T: And at the beginning Neary kind of annoyed me because he’s kind of a s*$£ dad to begin with

S: I dunno, he was… He was an ineffectual dad. Like, there was chaos going all around him and he was, you know, he was trying to connect with his kids and he was trying to be one of the funny dads. I dunno, the whole family dynamic was a bit off.

T: Yeah, I don’t know, ineffectual sounds like a multi syllable way of saying s@$&. But yeah, no, that was one of the things that-

S: That’s fair

T: struck me about the film was that Neary’s family dynamic was kind of horrible and I don’t know whether it made me more sympathetic to the character or not. Certainly as the film progressed and he’d seen the flying lights and starting to get this vision of this shape in his brain and was kind of behaving really erratically, the wife character was kind of awful and it’s like, I am normally like, pro female characters in most circumstances, but her response to anything that Neary said was she just started shouting and screaming

S: Just shouting, yeah

T: And it made me really super uncomfortable

S: And shouting at the children as well

T: Yeah well, he was guilty of that as well. I mean like, in the first scene you see with Neary, who is our protagonist

S: That’s right

T: Who is the character you’re supposed to be rooting for

S: Yeah

T: He makes two separate death threats to his children

S: “You are inches away from death” yes, yeah

T: And I’m like, I don’t care that this is the 70s, I am like massively uncomfortable with any parent in any circumstance leveraging death threats at their kids. That opening scene, it seeds the Pinocchio thing so it’s like “oh his childlike wonder” and I’m like “this is a goddamn asshole”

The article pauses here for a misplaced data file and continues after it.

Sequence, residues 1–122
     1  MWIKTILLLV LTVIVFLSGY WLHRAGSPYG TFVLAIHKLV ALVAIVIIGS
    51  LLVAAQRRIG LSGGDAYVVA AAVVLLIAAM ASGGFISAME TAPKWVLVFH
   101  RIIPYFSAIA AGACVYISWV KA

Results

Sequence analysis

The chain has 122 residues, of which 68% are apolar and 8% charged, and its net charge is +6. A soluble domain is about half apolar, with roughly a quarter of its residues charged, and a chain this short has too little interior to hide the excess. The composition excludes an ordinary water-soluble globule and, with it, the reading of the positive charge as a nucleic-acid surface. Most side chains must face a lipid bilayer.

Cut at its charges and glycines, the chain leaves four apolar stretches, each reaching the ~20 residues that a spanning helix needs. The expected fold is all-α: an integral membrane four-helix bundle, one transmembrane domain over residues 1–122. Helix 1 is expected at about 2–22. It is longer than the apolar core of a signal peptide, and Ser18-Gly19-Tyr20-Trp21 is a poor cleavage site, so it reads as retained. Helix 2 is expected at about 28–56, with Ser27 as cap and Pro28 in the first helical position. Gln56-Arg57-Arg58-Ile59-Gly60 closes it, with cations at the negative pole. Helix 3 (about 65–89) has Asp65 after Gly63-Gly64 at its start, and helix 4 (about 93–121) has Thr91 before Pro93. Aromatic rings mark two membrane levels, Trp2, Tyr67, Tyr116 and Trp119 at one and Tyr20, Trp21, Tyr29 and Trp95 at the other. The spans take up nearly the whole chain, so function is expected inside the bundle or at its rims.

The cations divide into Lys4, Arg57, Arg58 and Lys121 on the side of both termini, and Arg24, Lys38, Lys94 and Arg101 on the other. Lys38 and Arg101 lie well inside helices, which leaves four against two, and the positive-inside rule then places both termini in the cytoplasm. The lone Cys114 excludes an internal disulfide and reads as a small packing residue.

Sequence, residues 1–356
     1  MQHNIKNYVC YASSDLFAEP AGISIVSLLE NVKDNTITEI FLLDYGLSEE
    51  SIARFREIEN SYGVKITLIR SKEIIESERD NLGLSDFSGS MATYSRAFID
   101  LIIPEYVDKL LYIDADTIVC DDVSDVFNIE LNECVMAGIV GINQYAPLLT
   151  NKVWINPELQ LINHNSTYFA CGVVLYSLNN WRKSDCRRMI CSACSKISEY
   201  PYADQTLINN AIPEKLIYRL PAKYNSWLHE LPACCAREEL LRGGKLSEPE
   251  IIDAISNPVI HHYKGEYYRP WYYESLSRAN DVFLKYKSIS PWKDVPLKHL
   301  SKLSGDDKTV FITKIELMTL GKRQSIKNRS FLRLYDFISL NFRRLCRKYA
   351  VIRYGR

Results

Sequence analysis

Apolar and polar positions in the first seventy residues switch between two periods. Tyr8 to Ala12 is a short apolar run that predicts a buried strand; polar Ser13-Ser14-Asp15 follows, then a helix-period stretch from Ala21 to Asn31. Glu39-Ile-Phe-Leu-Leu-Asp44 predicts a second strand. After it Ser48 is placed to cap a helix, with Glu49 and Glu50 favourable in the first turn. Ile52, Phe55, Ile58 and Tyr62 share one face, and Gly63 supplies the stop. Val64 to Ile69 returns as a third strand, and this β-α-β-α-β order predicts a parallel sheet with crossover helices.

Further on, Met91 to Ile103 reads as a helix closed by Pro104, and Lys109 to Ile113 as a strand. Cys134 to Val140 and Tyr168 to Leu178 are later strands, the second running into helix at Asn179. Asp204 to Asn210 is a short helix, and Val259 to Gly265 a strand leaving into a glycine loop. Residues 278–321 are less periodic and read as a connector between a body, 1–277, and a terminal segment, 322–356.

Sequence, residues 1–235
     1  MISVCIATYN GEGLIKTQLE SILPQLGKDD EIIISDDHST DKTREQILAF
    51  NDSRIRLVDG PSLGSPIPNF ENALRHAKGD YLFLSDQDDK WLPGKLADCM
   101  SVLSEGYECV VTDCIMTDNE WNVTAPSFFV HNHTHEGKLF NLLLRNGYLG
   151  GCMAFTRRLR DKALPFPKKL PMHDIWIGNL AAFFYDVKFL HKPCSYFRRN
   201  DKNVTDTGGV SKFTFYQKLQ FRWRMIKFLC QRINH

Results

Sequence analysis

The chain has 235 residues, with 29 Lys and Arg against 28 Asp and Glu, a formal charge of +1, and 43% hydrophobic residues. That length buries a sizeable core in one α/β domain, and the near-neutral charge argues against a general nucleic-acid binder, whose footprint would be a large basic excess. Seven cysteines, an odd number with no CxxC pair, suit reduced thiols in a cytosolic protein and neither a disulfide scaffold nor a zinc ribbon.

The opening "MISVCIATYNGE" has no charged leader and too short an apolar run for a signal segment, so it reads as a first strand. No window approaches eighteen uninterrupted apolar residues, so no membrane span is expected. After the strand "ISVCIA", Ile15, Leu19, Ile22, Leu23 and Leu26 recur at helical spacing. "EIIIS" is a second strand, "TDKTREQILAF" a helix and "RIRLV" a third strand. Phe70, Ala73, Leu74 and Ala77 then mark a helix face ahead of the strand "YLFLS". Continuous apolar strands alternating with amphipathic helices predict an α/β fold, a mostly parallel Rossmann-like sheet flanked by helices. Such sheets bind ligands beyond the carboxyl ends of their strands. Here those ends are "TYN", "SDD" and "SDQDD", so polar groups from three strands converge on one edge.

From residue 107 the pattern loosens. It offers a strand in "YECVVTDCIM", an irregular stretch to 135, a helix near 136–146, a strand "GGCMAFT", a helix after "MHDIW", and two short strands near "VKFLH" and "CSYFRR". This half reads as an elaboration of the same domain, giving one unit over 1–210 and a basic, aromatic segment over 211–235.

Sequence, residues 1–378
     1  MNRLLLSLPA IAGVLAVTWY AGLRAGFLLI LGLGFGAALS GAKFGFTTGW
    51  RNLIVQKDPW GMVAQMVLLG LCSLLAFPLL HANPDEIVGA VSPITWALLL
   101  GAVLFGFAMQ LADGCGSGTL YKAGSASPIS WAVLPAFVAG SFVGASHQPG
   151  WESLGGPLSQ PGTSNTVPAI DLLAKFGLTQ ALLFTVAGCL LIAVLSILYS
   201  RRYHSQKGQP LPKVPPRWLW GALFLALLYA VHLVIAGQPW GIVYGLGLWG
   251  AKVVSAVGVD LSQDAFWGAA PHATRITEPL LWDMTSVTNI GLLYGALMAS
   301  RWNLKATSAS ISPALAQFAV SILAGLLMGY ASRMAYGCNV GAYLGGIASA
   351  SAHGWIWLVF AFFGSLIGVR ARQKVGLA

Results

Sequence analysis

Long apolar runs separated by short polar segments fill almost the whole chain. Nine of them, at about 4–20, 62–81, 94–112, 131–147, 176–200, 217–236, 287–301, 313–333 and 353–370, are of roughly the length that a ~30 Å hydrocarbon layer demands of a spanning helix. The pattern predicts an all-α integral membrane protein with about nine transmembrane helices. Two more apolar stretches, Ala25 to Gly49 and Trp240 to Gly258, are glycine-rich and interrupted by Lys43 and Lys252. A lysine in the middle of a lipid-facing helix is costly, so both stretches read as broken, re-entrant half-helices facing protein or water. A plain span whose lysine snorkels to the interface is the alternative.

S: The When You Wish Upon A Star theme, that was incorporated into the soundtrack by john Williams but I remember it being a bit more present throughout it. And I don’t know if this is a Mandela effect thing or if it is because we watched, not the special edition, we watched the collector’s home edition. Which added a couple of things, but took away some other things. Including the scene inside the UFO that was in the special edition

T: Ok

S: Because the studio- Spielberg was like I wanna redo this movie and I want to do it my way because, I don’t know some things-

T: He and George Lucas are cut from the same cloth

S: Yeah l- well not literally, they’re not made of cloth, but you know

T: [laughs]

S: He said I want to redo this movie and do a few things to make it right and they said yes, ok, but we want you to show the inside of the spaceship because that’ll draw people in. And he did it but he regretted doing it. So when the edition that we have on DVD came out that last bit was gone